To briefly list the main projects I was involved in the past, I like to mention the that I was part of the management committee of the COST Action IC0703 (focusing on network measuring and analysis), I was involved in the FP7 Network of Excellences BONE (and formerly E-Photon-One, E-Photon-One++), dealing with optical networks, and Euro-NF (formerly Eurog-NGI, Euro-FGI), dealing with networking problem in general. I participated in several national research projects (both PRINs and FIRBs): I was involved in the PRIN RECIPE and MIMOSA (both about traffic analysis and classification) as a Principal Investigator of the Politecnico di Torino Research Unit, and as researcher in PRINs EURO, IPPO, PLANET-IP, and FIRBs ADONIS, TANGO. I was and am responsible of several research projects funded by 3rd party industries, including CISCO System (San Jose, California), Narus Inc. (Sunnyvale, California), Fastweb (Italia), Telecom Italia, Vodafone (Italia), Alcatel (France), NEC (Germany), Telefonica Investigacion y Desarrollo (Spain).
I was awarded with the Internal Politecnico di Torino "Young Researchers' Award" (Premio Giovani Ricercatori) for six years in a row, from 2006 to 2011. Finally, I also served as reviewer for project selection, including European Commission funded project (under the FIRE initiative), National project (PRIN) and internal projects (CNR projects, Politecnico di Torino internal projects).
My research interests lie in the area of Networking. Networking research fascinates me for the impact that it has to every day's life, as well as because of the tremendous breath of the field. Broadly, networking research has two flavors: i) System-design, which is mainly about protocols and algorithmic design, implementation and experimentation. ii) Network-theory, which is about performance analysis using analytic techniques. The research I enjoy most is a combination of these two. I like designing algorithms and methods that solve real problems, but I also want to verify their correctness and good performance using theoretical tools. Simulations or experiments may be successfully employed to show the behavior of an algorithm/architecture in realistic but specific situations. Theory, on the contrary, may be helpful to predict the behavior in any situation, but usually under some assumptions. Over the years, I have covered several application domains such as optical networks, switching architectures, TCP/IP networks and, more recently, traffic characterization and classification, and energy efficient network design. I enjoy my work, and I like to always tackle problems that I perceive as important, and practical. To this extent, since 2007 (and thus much earlier than the "green wave" started) I started being sensible to environmental issues, and to the need of energy saving policies in ICT in particular. I then re-focused my research activities on how to reduce the energy consumption footprint of the Internet, a topic that I consider very important today. Similarly, I have been fascinated by the understanding of how the Internet works and evolves. Therefore I am deeply involved in traffic measurement activities involving real networks. Since 2000 I started developing Tstat, a passive network analyzer that extracts as much information as possible by simply observing packets flowing on a link. Tstat has evolved to be today a complete network analyzer solution, with state-of-art traffic classification capabilities, and capable of exposing detailed information about the network status. Tstat is today installed by Telecom Operators - with whom I collaborate to help them in solving the problems they face everyday - and by Manufacturers - investigating how to develop novel methodologies to solve traffic monitoring problems.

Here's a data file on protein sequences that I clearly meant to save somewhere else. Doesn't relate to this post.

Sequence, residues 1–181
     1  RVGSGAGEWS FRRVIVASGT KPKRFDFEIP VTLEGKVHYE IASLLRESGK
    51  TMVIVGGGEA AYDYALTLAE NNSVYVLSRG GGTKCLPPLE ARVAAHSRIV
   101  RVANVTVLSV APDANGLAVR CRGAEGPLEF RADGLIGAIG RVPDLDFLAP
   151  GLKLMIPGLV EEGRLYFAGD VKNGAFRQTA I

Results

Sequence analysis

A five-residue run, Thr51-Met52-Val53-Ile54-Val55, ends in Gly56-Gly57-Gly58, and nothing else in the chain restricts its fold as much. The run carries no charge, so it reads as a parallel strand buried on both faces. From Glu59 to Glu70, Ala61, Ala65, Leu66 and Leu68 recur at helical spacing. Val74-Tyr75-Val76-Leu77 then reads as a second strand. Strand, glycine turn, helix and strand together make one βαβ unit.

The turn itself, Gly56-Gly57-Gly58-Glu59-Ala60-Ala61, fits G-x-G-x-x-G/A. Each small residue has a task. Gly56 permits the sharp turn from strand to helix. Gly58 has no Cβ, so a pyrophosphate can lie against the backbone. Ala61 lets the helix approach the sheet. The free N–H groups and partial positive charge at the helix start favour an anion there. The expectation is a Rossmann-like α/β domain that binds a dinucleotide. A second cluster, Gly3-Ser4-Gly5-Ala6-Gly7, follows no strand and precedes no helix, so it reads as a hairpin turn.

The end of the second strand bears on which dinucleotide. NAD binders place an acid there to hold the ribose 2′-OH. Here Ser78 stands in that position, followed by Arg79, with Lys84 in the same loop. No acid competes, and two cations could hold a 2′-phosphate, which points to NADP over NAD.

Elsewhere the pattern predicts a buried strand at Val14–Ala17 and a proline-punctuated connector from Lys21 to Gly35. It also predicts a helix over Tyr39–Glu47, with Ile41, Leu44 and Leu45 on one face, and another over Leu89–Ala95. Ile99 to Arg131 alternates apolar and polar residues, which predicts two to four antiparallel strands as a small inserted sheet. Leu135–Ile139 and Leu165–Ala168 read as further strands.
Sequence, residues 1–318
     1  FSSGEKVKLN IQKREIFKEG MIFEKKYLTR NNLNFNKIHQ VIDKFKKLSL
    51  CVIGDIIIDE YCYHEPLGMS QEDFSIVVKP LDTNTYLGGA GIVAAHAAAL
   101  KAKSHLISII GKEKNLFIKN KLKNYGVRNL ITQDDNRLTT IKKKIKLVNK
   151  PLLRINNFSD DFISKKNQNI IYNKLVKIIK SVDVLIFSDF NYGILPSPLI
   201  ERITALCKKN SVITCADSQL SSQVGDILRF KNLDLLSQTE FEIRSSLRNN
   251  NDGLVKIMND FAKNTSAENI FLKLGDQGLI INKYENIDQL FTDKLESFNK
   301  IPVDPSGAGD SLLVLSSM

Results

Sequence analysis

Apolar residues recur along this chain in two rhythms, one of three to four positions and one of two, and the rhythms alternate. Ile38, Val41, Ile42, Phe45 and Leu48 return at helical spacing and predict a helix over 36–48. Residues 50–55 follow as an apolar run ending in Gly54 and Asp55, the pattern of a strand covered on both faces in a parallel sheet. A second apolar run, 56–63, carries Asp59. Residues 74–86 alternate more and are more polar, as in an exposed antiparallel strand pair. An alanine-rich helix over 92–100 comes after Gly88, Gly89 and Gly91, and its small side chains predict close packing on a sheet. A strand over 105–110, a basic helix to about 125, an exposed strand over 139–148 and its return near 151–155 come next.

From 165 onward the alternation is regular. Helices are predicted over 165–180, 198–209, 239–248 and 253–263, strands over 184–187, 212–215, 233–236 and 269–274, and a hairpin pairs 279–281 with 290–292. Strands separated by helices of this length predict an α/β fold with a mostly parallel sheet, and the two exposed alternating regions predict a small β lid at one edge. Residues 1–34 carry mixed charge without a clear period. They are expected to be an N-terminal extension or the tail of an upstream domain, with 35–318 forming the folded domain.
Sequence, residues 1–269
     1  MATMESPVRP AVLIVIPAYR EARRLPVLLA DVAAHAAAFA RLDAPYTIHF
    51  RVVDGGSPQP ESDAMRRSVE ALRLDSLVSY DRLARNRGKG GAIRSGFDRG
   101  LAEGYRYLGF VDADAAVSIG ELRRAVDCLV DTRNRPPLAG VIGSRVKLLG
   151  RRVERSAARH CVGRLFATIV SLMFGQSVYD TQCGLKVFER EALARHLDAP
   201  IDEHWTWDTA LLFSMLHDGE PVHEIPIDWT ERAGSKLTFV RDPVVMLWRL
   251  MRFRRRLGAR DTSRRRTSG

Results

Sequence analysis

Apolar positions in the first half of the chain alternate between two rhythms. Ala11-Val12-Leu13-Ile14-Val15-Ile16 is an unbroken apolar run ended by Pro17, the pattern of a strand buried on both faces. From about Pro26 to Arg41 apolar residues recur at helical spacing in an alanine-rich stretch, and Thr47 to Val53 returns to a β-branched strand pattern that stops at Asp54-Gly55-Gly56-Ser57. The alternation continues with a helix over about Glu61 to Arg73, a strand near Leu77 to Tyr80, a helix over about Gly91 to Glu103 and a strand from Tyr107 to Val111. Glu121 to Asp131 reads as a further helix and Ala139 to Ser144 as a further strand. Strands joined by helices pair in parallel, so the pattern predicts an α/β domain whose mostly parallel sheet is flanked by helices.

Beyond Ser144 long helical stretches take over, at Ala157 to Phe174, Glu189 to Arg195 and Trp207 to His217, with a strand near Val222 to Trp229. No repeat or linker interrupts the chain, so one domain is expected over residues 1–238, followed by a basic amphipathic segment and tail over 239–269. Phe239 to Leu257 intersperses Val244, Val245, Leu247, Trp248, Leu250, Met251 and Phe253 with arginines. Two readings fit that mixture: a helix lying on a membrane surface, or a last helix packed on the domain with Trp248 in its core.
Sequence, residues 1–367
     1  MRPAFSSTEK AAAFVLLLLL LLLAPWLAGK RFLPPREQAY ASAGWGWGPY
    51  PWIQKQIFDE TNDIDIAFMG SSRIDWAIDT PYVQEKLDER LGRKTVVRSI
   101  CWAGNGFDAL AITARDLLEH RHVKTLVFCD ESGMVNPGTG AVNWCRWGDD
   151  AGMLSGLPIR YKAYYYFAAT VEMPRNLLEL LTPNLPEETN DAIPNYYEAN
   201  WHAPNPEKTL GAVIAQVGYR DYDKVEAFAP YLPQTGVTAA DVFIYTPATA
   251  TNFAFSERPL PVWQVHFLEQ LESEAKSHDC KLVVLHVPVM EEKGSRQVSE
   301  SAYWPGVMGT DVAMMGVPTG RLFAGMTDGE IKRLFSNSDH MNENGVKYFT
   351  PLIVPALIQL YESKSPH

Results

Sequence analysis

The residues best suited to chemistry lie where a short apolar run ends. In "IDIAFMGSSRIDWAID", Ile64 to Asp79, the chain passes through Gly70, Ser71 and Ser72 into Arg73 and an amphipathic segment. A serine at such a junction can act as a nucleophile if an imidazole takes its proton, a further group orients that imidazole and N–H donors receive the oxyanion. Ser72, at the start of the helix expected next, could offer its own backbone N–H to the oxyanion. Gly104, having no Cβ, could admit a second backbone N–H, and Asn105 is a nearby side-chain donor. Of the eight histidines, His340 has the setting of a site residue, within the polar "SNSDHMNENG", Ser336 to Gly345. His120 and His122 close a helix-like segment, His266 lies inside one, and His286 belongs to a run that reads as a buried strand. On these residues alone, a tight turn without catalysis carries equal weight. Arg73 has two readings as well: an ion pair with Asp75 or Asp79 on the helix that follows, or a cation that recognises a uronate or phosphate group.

I like teaching and I find it one of the most rewarding and challenging activities of my job. During my career, I always tried to convey to students the high level vision of a topic, while providing at the same time the domain knowledge to understand the complexity of the actual solutions, and the nasty details of real word implementation. During my career, I taught and I am teaching different classes, from "Introduction to telecommunication networks", "Internet protocols", "Optical networks" (which covers the basic and advanced topics about networking, the Internet and optical technologies), to more methodological classes like "Operations Research: theory and applications to networking" (formerly "Telecommunication network optimisations") in which students have to learn the fundamentals of Operations Research and how to apply those methodologies to solve typical telecommunication network design problems.I am also very happy about the "Networking laboratories" series of classes, in which students work in a computer laboratory and are invited to go through practical experiences of increasing complexity, from simple local area network scenarios, to dynamic routing protocols and complex application analysis. Students find the laboratory class to be one of the most interesting in their career, since they finally can apply all the theoretical knowledge they have about computer networks, and understand how to solve complicated, real life problems. Overall, during classes I like to merge solid analytical methodologies with practical applications too.